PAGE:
[box]RVWD is my abbreviation for Religious Vocabulary Word of the Day. (You can read my introduction to the RVWD series here.) I do not intend for these word investigations to be exhaustive, but I hope they stimulate some thinking about assumptions. Possibly they will help with honest evaluations about what is truth and what is unnecessary baggage in life. [/box]
The meaning of the word charity has changed over time. It is true that this happens with most words, but it can lead to confusion when reading older uses of it or dealing with embedded religious implications. For instance, in the King James version of the Bible, the most common Greek word for love was translated to the Latin word meaning charity (carus/caritas), when the more distinct words for love in Latin are amor and diligo. (I also read about it in our Cassell’s Standard Latin Dictionary since I have it on hand from when I studied Latin with my kids for a couple of years.)
While one can understand why the more passionate amor might not be the best fit, the word diligo seems like it would be better than carus. The more litereal definitions of carus/caritas are “high-priced, dear, and scarce.” The Latin dictionary does show love as a figurative meaning of caritas, but it is not as direct as diligo, which has “prize, love, esteem highly” right up front. While translation between any two languages has it’s challenges, it is even more challenging when the translating efforts are being influenced by other tradition, deadlines, and lack of original manuscripts. It can end up being like the rumor game. Here is one more article, by the same author, that succinctly outlines 15 myths about Bible translation. There is some good discussion in the comments, as well.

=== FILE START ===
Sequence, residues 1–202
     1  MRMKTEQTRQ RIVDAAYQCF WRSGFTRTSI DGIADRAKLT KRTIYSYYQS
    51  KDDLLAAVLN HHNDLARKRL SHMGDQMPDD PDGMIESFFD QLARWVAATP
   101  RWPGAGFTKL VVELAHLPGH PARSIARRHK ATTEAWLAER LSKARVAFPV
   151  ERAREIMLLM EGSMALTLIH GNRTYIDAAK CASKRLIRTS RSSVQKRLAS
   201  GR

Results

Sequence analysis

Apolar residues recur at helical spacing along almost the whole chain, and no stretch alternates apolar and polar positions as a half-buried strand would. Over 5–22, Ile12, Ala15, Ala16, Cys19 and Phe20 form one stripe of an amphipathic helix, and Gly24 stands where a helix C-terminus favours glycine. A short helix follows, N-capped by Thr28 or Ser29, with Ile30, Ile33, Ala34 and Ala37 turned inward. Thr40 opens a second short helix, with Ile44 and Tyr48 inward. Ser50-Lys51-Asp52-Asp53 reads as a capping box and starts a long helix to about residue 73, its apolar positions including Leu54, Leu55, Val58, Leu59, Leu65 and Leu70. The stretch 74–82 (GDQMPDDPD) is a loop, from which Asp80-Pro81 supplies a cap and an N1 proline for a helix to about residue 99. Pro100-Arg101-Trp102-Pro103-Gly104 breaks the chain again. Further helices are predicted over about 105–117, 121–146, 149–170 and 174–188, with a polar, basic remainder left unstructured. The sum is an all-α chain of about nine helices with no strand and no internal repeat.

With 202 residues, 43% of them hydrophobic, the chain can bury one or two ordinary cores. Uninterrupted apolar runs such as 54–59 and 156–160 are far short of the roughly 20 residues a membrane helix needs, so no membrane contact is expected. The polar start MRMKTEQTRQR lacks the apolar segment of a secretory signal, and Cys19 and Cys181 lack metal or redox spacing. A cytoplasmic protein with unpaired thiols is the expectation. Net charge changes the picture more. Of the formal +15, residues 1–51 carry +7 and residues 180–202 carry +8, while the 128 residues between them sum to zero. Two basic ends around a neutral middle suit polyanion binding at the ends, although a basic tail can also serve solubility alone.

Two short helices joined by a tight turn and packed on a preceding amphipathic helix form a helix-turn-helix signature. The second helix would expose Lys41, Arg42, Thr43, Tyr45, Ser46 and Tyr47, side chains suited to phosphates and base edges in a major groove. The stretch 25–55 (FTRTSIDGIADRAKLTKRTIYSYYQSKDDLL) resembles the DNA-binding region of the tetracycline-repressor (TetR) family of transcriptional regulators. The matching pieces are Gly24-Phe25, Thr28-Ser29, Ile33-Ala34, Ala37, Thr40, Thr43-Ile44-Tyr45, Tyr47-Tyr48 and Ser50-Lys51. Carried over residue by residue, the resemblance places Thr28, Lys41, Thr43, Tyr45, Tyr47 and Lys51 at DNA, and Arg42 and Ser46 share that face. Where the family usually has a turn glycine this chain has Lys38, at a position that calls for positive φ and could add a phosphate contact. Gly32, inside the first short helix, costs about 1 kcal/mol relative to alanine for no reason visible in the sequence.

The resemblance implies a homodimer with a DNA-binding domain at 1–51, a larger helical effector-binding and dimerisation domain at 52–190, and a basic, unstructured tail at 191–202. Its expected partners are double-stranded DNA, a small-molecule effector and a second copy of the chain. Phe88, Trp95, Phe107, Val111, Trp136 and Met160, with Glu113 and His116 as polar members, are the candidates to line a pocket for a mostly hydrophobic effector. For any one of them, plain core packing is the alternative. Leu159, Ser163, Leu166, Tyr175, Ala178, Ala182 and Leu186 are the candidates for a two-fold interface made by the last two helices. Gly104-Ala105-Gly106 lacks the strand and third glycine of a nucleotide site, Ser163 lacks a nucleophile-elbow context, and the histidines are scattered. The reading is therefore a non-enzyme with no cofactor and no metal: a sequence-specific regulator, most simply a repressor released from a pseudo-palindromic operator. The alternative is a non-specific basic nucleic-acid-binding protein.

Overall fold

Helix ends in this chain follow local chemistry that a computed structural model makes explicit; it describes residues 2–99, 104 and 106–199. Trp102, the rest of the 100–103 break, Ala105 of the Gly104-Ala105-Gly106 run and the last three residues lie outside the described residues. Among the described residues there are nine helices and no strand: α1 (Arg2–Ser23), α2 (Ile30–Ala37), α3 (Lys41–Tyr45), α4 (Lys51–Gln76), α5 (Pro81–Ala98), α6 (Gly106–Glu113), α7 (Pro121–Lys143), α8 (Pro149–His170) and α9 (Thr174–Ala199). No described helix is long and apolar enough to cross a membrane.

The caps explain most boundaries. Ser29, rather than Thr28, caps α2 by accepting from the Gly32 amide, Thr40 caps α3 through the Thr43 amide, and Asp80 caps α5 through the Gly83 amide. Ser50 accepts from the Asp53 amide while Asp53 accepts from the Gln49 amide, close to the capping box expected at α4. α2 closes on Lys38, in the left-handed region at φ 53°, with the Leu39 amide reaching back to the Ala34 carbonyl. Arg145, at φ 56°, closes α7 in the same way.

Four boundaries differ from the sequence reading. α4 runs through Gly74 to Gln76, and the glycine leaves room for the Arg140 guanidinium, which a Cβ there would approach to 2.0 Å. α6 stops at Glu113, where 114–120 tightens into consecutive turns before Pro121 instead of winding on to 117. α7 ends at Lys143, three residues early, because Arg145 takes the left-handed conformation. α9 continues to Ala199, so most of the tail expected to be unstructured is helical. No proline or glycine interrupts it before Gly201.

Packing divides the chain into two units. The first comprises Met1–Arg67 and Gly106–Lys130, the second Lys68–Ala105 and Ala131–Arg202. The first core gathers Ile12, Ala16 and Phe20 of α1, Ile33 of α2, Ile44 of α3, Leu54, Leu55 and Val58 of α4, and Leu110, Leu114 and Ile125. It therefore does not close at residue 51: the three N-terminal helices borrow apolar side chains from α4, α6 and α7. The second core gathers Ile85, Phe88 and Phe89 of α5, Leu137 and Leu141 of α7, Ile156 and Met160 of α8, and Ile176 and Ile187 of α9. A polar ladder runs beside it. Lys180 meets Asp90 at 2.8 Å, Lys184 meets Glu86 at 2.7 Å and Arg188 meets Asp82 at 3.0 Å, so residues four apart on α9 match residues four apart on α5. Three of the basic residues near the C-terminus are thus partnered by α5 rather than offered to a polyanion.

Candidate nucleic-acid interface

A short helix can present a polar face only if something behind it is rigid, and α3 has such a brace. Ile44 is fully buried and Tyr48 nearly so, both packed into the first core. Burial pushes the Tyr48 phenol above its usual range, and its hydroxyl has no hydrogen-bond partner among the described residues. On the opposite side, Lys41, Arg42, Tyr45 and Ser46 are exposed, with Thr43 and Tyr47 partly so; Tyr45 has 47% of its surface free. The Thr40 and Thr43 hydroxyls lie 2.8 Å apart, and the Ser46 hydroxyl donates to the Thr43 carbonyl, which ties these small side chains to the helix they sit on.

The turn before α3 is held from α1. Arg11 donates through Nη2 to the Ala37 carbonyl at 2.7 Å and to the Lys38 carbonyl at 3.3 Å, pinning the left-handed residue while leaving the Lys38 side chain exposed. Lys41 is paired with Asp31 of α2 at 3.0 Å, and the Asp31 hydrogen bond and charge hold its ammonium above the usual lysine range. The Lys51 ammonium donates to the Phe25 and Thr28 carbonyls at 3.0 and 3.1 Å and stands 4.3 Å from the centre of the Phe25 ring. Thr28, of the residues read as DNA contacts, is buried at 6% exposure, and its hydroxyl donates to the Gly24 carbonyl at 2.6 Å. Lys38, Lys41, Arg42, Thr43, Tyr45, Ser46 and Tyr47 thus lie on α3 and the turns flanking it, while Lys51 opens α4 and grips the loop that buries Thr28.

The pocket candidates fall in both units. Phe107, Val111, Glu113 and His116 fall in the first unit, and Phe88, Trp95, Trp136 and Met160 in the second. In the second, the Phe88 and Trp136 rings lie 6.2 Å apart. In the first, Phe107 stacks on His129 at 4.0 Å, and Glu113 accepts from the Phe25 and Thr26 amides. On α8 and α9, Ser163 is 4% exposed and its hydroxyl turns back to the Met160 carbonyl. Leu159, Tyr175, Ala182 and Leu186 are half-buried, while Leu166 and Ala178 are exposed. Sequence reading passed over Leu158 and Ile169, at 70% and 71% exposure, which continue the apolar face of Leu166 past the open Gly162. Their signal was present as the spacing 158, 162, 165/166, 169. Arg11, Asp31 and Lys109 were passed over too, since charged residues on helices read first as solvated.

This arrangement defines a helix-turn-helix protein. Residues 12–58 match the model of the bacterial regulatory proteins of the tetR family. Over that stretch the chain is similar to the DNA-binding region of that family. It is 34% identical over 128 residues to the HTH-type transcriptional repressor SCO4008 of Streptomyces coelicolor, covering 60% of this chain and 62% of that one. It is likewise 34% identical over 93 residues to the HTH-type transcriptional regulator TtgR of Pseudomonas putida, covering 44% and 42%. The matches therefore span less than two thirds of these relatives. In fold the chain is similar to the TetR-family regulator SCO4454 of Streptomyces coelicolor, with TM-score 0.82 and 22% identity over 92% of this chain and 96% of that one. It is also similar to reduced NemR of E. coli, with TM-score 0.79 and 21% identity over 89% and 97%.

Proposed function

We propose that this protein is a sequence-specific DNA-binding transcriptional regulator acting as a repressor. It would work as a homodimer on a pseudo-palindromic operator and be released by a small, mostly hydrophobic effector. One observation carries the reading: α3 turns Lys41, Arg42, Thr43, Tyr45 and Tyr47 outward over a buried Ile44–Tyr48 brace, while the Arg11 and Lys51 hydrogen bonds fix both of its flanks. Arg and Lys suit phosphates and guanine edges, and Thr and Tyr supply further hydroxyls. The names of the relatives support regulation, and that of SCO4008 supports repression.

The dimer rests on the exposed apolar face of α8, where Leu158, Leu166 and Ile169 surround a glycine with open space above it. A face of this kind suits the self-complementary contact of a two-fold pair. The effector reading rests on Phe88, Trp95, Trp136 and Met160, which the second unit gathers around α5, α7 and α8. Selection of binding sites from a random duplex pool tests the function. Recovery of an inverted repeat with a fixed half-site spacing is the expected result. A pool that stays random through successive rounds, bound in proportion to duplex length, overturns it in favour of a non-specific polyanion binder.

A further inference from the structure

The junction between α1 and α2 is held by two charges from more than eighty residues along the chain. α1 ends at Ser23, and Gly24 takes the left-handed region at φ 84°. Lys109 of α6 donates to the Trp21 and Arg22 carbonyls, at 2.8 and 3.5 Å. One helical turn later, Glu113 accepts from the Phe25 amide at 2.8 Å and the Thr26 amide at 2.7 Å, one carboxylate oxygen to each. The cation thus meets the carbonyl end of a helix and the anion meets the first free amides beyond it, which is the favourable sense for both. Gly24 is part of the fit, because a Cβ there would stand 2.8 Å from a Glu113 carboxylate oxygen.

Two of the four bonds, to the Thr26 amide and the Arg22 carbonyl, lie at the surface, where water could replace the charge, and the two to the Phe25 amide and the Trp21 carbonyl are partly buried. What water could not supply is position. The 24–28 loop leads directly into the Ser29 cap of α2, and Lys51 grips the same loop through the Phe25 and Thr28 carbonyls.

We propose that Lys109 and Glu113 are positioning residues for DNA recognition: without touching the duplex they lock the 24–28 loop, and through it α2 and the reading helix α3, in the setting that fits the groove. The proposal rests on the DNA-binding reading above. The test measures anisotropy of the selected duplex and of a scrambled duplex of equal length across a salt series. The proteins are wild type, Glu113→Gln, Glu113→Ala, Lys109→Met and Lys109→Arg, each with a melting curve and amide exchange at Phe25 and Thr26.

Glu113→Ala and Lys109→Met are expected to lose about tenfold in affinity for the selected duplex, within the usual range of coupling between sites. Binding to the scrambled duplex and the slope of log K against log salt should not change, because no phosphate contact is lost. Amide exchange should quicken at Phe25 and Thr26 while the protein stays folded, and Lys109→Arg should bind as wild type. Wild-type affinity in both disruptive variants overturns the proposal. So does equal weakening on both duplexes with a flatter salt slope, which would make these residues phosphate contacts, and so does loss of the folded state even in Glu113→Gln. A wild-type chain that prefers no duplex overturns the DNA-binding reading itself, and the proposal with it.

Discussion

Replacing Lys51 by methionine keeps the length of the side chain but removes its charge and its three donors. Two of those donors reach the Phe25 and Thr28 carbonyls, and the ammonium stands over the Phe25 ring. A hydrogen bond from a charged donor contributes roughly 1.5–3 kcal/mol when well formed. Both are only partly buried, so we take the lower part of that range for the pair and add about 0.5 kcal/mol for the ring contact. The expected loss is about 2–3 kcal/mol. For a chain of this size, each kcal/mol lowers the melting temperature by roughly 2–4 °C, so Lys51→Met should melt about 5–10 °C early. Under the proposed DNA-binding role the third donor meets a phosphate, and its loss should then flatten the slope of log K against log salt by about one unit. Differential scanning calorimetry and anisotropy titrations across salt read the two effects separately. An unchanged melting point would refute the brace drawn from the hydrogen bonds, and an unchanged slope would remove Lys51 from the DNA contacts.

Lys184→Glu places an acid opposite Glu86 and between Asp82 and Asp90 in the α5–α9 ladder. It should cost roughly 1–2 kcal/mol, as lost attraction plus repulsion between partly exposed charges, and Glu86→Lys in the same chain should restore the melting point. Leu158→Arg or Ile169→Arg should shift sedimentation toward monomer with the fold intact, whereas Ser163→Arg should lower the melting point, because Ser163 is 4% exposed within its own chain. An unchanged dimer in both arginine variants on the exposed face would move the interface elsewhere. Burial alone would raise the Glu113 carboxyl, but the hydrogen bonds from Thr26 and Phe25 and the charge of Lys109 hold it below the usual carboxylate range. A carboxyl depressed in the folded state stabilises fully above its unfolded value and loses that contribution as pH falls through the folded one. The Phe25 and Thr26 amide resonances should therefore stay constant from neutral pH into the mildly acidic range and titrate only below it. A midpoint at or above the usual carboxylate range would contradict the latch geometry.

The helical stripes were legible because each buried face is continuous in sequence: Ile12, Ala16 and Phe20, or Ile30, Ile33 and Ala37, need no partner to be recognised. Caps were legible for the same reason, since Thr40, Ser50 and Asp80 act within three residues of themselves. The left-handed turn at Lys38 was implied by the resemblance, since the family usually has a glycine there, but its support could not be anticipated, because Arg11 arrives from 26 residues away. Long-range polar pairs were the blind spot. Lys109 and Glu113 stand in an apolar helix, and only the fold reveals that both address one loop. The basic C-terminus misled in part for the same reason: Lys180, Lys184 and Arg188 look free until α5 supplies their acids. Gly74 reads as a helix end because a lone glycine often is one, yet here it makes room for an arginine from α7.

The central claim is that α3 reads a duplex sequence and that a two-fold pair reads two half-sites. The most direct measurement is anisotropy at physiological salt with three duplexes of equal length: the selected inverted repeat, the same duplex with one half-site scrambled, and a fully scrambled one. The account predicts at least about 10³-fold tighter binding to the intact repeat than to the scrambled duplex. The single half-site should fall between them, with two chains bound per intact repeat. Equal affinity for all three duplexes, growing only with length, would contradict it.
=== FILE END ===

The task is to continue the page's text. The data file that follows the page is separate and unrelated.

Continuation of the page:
The use of the English word charity in referring to a business organization that purportedly helps the poor began in the 13th century, according to the Merriam-Webster online dictionary. This use of the word actually seems more consistent with it’s connotations of money. More recent translations of the Bible, such as the New American Standard Bible (You can see examples of that here on the blueletterbible.org search.), only use the word charity in instances dealing with helping the truly needy poor.
There still could be discussion of whether or not a lot of giving that is done through such “charities” or by individuals is truly charitable, if it perpetuates the poor condition of those given to, or inadvertently reinforces corrupt institutional powers that are oppressing those very poor people. One could even argue that purchasing items in the name of charity offers false hope to the producers by pretending there is a market for something, which there will not be in the long run. This has the effect of causing them to waste their efforts that could be otherwise employed to produce something or learn skills that might have much more long term application to a real job opportunity. All of this is expounded on in this article about so-called charity to Africa, well worth the read.
It seems that charity, in its true form is an act of love, but does not completely embody all of what the word(s) for love mean. But also, just as someone cannot convince you they love you just by saying so, one cannot engage in an “act of charity” simply by labeling it such.